Shadow of Life by Umbra VitaeRelease date: May 1, 2020
Label: Deathwish Inc.
A recipe for baking an album of some high quality, tasty death metal…
- Talented musicians.
- Musical background that allows said musicians to understand the genre they’re approaching.
- High quality recording, mixing and mastering to allow for whatever production approach said genre requires.
- Strong visual aesthetic on album artwork.
- Bake until cooked through with quality songwriting.
- Thick icing to make sure it has some bite.
So, let’s see how the debut album from Umbra Vitae shapes up.
Well, it’s no secret that the band features some tremendously talented musicians throughout its ranks. Hailed as another supergroup, the band contains ex or current members of bands such as Converge, The Red Chord, Wear Your Wounds, Stomach Earth, Hatebreed, Twitching Tongues and Job for a Cowboy to name just a few. Oh OKAY, that’s some metalcore royalty, right there! And among their ranks, those that have dabbled with deathcore in the past, a sub-genre much maligned during its commercial peak two decades ago, but which now has interesting things going on at its fringes.
Talented musicians? Check.
Musical backgrounds that allows for a knowledgeable approach to death metal? Check.
Perhaps the most notable member of Umbra Vitae – and no offence intended to the others – is Jacob Bannon. So, it should come as no surprise that this album also brings along Kurt Ballou in tow to record and mix Shadow of Life at God City Studios, and Brad Boatright to master the record at Audiosiege. The record is released on Bannon’s renowned Deathwish Inc. label. The only surprise here is that the attractive artwork that adorns the album cover is not Bannon’s own work, but that of Janusz Jurek, but it’s intriguing, nonetheless. Let’s check back on them ingredients, then…
High quality recording, mixing and mastering? Check.
Strong visual aesthetic? Check.
We’re four for four!
So, why oh why, does Shadow of Life sound so uninspired?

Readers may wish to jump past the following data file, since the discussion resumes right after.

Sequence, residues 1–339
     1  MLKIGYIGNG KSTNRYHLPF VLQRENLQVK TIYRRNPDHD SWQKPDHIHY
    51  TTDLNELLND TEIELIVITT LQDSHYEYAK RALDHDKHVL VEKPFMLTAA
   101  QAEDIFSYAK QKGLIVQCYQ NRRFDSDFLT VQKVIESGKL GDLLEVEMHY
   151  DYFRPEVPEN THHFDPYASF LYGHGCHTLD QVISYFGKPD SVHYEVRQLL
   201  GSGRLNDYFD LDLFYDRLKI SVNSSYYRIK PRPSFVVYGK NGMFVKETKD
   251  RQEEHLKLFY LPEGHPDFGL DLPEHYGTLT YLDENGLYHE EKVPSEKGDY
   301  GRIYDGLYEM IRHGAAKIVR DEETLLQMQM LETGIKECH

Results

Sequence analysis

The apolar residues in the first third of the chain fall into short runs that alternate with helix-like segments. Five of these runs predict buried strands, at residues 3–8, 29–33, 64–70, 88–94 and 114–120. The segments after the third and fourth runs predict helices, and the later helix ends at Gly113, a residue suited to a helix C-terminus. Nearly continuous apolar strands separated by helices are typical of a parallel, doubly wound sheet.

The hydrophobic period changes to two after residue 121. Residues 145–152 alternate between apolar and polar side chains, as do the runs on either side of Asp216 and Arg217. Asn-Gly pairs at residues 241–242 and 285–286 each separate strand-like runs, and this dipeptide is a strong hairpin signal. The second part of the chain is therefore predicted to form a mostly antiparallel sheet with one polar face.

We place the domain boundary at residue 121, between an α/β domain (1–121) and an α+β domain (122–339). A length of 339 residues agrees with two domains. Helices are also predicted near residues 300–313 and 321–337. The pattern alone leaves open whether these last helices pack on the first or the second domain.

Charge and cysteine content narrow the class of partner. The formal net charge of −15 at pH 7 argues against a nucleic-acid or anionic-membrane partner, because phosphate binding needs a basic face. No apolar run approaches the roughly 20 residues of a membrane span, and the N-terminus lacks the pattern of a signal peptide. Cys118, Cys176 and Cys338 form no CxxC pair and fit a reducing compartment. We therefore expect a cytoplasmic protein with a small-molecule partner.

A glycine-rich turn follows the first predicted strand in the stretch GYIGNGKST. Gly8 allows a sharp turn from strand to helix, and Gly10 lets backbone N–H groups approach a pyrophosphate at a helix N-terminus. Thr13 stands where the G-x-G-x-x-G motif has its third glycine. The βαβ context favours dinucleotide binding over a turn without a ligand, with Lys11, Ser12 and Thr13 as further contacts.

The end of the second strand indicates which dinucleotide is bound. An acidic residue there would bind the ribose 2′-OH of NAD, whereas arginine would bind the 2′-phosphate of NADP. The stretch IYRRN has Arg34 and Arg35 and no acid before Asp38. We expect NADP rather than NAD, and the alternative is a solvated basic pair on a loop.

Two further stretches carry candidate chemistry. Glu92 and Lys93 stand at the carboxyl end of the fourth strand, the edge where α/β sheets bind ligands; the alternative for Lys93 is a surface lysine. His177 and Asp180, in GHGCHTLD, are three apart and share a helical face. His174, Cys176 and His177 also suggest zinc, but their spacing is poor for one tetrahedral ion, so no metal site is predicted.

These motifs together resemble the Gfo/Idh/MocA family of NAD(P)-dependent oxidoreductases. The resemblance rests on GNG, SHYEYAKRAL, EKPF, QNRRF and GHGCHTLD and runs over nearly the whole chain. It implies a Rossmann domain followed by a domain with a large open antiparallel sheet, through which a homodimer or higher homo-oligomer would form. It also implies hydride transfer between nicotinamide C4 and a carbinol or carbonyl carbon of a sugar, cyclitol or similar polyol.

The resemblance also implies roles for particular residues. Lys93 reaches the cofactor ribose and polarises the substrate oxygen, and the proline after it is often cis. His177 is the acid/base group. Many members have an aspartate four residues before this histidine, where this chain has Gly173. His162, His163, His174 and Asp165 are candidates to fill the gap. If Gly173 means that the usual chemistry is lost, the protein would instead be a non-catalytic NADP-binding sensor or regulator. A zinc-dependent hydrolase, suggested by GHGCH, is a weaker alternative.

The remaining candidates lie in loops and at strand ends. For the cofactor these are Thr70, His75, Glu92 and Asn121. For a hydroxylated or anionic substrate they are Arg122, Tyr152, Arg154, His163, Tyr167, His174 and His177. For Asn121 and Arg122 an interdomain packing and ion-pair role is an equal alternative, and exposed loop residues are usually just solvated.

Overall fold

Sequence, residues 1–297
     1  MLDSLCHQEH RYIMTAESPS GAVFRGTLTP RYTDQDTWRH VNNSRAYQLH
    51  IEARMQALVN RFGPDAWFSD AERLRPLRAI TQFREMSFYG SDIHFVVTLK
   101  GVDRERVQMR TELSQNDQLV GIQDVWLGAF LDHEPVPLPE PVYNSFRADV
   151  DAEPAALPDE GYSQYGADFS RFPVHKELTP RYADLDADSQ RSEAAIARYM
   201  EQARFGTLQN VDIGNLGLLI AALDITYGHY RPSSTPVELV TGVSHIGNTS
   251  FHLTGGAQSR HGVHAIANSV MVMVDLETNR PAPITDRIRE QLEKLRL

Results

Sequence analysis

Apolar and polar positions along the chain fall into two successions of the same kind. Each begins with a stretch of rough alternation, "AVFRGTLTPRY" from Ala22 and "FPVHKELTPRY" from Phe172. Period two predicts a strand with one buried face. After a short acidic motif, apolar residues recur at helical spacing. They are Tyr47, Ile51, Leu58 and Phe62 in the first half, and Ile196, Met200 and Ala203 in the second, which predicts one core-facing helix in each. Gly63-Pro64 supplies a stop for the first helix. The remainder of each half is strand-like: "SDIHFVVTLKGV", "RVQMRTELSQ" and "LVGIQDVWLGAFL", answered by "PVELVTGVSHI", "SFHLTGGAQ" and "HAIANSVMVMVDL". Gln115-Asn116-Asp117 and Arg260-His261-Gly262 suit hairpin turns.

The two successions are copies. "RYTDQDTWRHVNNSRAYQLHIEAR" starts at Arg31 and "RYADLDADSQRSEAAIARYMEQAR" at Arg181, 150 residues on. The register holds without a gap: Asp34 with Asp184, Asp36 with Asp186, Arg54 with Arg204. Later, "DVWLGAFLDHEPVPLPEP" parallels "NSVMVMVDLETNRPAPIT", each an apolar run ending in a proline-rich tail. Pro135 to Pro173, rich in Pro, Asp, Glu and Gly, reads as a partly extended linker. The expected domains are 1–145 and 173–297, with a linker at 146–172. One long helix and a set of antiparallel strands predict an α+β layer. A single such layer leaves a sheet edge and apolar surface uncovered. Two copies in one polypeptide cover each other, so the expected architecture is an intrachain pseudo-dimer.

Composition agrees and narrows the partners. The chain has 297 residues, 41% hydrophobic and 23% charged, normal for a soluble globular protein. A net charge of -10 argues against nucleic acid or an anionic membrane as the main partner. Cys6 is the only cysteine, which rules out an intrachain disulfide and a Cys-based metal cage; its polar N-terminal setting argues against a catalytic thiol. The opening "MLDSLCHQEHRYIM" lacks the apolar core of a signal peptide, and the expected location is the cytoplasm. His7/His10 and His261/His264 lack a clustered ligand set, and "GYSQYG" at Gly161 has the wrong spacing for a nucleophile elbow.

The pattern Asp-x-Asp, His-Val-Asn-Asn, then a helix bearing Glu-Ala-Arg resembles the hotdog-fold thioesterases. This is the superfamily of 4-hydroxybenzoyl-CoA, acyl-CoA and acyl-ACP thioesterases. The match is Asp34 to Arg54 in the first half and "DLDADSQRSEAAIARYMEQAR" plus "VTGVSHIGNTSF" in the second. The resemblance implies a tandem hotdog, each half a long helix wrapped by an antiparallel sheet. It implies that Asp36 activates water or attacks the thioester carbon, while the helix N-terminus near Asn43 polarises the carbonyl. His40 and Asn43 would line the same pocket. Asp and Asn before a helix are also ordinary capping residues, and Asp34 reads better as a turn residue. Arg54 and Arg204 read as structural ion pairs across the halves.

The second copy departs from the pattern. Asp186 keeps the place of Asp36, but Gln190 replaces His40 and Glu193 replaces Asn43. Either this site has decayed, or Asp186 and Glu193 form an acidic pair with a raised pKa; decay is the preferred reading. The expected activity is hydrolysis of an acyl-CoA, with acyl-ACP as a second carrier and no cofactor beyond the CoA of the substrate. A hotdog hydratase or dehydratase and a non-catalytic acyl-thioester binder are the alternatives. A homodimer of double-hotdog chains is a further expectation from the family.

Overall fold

Running at ten tracks in under half an hour, this thing should sound unhinged and demonic. Although all the constituent parts are there – those tasty ingredients – what arrives is severely undercooked. And no, not ‘raw’ in good way.
Shadow of Life rolls out of bed rather sleepily with ‘Decadence Dissolves’, an ultimately pointless intro track that summons no menace or atmosphere whatsoever. Not the best start on your first day at school. We then move into ‘Ethereal Emptiness’ that is equally unforgettable, despite the whole band thrusting forward for the first time and with it clocking in with a three-minute run time. That is actually too long as Umbra Vitae strangely make the decision to have a protracted fade out on the first true track on their debut. One might argue it being inventive and challenging the norm – but it would have had to be interesting, progressive and have, y’know, actually impressed to do that. It didn’t.
The next two tracks pass not so much in a blur but in stumbling fatigue. Some of the breakdowns on both would make some of those commercial deathcore bands of the 00s blush: colouring book creativity and all with just a pencil to shade in the grey. Who forgot to bring along the Crayola pack, guys? Or, to bring back my already overworked metaphor; we’re basically eating uncooked cake mixture and there ain’t no sweet icing to make up for it.